We gingerly took Gracie up the Ortega River south of Jacksonville to her home for the next six weeks or so. Lamb’s Yacht Centre is a full service marina that will haul her out next week, paint her bottom and do a full service on her engine. We will spend the next few days cleaning her up before we get a hire car on Saturday and go to Clearwater to revisit our friends Dale and Marsha. Gracie’s owners will still be on the western side of the country and will return to pick her up in October.
So our waterborne journey is winding up and there will be no more daily blogs. I will get myself to Victoria BC, Canada to visit my daughter arriving a bit ahead of my wife who is coming over from Brisbane in the first week of Seotember. Deveen will be meeting his wife around then too, but in their case that will be in New Orleans.
You can see Gracie’s position in the SW corner of the air photo below with the city of Jacksonville in the NE corner which is where we were last night. The Ortega River flows into the St. John’s River just south of the city.
Another great night with new friends. Don and Erin joined us for sundowners on the dock and when it started to rain Bob and Sue also joined us onboard Gracie. Erin cooked us a pasta meal onboard their immaculate Baba 40 yacht that Deveen has fallen in love with. Erin sent us this dawn photo from our dock at St Augustine looking across to the harbormaster’s tower.
At 3pm we crossed our wake and are now at Jacksonville Landing, going to celebrate somewhat tonight. Five months and one day, 6000 miles culminating in a final large day, epic journey and a good serving of feeling contented.
Spent the morning sightseeing this beautiful city. Above is the Hotel Ponce de Leon built in 1888 by Henry Flagler. Flagler was a wealthy hotelier, railway magnate and co founder of Standard Oil along with John D. Rockefeller. When opened the building was equipped with electric lights installed by none other than Thomas Edison, who was a friend of Flagler. The building is now a university known as Flagler College.
The Castillo de San Marco stands at the entrance to the harbour at Matanzas Bay and was built commencing in 1672 taking 23 years to complete. It is made from quarried blocks of soft seashells, laid out in the sun for a year known as coquina. It is surrounded by a dry moat and has cannonball damage on the seaward wall. It was built after Sir Francis Drake attacked an earlier wooden fort on the same site.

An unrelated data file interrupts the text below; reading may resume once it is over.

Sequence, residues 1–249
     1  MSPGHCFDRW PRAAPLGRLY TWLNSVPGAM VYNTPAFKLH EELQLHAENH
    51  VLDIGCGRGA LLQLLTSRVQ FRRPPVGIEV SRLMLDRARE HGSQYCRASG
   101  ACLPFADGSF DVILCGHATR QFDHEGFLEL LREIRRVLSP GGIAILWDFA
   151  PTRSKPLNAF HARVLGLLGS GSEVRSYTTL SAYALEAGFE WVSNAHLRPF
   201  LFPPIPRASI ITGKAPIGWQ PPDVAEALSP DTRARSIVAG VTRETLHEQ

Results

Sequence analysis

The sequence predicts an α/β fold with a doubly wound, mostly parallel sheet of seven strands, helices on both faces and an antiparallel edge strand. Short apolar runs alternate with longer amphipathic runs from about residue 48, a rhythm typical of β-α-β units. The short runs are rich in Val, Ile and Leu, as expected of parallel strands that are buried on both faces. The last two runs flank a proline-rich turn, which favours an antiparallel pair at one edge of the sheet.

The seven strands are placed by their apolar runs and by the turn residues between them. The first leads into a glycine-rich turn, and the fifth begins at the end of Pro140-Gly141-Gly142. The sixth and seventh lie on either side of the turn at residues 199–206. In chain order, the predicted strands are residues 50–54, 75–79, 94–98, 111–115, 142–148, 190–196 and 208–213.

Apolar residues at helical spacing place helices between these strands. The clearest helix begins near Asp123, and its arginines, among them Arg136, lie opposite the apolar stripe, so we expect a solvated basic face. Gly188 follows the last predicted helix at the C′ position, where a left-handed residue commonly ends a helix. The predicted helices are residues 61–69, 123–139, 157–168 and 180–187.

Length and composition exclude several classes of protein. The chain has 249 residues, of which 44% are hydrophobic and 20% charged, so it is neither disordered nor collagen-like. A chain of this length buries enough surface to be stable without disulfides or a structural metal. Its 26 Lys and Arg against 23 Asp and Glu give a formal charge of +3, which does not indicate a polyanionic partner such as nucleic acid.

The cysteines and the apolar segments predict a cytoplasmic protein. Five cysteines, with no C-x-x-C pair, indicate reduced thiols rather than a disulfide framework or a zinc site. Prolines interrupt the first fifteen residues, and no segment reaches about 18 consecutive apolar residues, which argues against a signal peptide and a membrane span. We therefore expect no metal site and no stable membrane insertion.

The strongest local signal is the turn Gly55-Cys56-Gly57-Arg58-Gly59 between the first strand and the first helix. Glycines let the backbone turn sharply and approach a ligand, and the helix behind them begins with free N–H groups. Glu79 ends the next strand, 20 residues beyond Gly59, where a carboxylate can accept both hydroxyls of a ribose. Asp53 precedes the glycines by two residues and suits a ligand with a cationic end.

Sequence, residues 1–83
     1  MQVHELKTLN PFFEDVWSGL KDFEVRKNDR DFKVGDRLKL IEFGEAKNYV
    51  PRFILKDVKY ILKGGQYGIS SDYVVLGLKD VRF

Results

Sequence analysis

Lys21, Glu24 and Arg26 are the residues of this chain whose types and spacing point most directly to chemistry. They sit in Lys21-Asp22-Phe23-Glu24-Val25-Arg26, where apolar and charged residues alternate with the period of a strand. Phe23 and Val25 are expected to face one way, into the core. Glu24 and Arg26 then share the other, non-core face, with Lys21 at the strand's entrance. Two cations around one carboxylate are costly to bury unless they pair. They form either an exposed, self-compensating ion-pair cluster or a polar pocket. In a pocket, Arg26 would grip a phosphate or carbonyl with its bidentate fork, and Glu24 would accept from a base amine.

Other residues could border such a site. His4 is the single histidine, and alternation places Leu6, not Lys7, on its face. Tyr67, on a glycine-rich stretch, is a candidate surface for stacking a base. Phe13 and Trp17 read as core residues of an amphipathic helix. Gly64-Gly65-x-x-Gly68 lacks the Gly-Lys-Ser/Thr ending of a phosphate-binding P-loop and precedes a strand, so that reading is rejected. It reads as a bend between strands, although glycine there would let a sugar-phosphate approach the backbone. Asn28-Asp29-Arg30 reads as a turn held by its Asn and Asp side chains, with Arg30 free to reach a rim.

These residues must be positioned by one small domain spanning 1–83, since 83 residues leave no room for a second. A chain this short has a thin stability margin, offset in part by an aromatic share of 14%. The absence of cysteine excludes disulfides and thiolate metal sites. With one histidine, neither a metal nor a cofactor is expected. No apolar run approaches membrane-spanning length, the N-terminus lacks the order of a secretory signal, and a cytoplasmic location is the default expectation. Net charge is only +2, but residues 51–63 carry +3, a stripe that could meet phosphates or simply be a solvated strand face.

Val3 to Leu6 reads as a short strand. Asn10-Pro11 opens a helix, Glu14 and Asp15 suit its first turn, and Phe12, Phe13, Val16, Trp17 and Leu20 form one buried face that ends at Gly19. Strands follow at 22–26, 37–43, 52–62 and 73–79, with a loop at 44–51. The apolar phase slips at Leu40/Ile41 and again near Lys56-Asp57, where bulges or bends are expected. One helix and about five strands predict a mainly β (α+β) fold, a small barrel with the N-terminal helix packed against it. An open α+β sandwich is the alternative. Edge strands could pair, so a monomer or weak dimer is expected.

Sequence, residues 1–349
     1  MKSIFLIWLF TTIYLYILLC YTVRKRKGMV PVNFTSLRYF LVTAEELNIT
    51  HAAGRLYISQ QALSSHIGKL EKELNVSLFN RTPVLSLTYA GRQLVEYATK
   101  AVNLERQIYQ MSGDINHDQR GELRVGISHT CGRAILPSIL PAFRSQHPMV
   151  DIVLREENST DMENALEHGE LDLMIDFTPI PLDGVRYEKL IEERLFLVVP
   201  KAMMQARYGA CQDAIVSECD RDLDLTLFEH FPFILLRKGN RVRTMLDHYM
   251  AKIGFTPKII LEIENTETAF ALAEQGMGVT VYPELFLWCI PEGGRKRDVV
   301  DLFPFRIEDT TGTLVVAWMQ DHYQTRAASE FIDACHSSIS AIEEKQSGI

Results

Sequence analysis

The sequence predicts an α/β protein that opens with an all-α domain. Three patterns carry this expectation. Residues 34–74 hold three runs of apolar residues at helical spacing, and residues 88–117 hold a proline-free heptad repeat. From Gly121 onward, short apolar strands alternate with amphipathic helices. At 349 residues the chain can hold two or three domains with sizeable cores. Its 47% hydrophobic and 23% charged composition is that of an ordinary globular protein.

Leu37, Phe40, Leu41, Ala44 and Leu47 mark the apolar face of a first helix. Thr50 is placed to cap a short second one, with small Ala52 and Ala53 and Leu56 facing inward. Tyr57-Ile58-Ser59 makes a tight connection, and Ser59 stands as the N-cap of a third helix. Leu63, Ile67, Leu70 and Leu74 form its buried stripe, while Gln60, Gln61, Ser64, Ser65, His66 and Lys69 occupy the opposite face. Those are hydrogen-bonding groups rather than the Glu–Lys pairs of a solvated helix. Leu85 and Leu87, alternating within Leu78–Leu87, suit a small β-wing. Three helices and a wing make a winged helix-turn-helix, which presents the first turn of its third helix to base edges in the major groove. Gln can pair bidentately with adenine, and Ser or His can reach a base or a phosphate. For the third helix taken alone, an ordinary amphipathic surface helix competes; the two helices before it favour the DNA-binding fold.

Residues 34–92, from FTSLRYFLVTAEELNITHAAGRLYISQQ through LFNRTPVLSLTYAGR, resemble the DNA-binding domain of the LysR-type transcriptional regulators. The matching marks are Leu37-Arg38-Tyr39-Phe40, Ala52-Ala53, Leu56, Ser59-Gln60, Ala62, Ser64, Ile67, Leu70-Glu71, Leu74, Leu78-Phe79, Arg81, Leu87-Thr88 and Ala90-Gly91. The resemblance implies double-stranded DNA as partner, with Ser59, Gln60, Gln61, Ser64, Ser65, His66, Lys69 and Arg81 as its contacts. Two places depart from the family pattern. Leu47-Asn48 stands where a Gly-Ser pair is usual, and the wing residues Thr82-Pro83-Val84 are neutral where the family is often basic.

Here we are at the oldest town in the USA and it looks and feels like Spain, probably because the Spaniards first settled it in 1565. Nice and handy to downtown at the Municipal Marina, we are only 30 miles away from crossing our wake and completing the Great Loop. That is scheduled for Tuesday.
We had a milk shake in Georgie’s Diner, all stainless steel carriage like on the outside and neat US diner style on the inside.
It’s been ten days since we had a day off so slept in and then had brunch at Pat’s Riverfront Cafe, all of about 200 ft from our marina slip. I had eggs Benedict with crab cakes and grits while Deveen had an omelette and blackberry pancake. Met Bella on the way back at the marina, made me realize how i’m looking forward to walking my JD in about five weeks.
Major excursion today was a swim in the Atlantic Ocean and walked a couple of miles checking out bars for a Saturday night drink. Looks like the Surfside Tavern again and or maybe Yayas. Then back to Gracie for a restful afternoon in the bunk.
There was a new cruise ship at Port Canaveral this morning, the 129,000 ton Disney Dream. We thought we had finished with locks but to get to Port Canaveral Yacht Club we went through yet another lock that neither rose us or sent us lower but increments the number of locks we have done up another two, up to about 122.
We saw a number of manatees today, sometimes in groups of three or four. Hard to photograph so I grabbed photo from Wikimedia commons. Similar to Australia’s dugong but much bigger at 8 feet long. They were on the endangered species list but have increased populations 500% in the last 25 years. Our location tonight and probably tomorrow night is the Seven Seas Marina, a snap at $32 a night and only 10 minutes walk to the main drag at Daytona Beach, Atlantic Avenue. There is a neat cafe here at the marina as well open for breakfast and lunch.
We were expecting rocket ships at Cape Canaveral, but instead a cruise ship appeared out of the rain haze, the 101,000 ton Carnaval Victory. The NASA facility is behind her. Unfortunately the next rocket launch is not until the 19th of August and I have a better offer that day. The shot below shows Gracie at the Port Canaveral Yacht Club, the Carnaval Victory is above her in the West cruise ship basin and the NASA rocket launchers are in the top right corner.
On the way to Grills restaurant tonight as recommended by Kate from the yacht club, we passed Port Canaveral’s own version of Dubai’s Burge. The Exploration Tower is a tourist Centre on the Canaveral waterfront.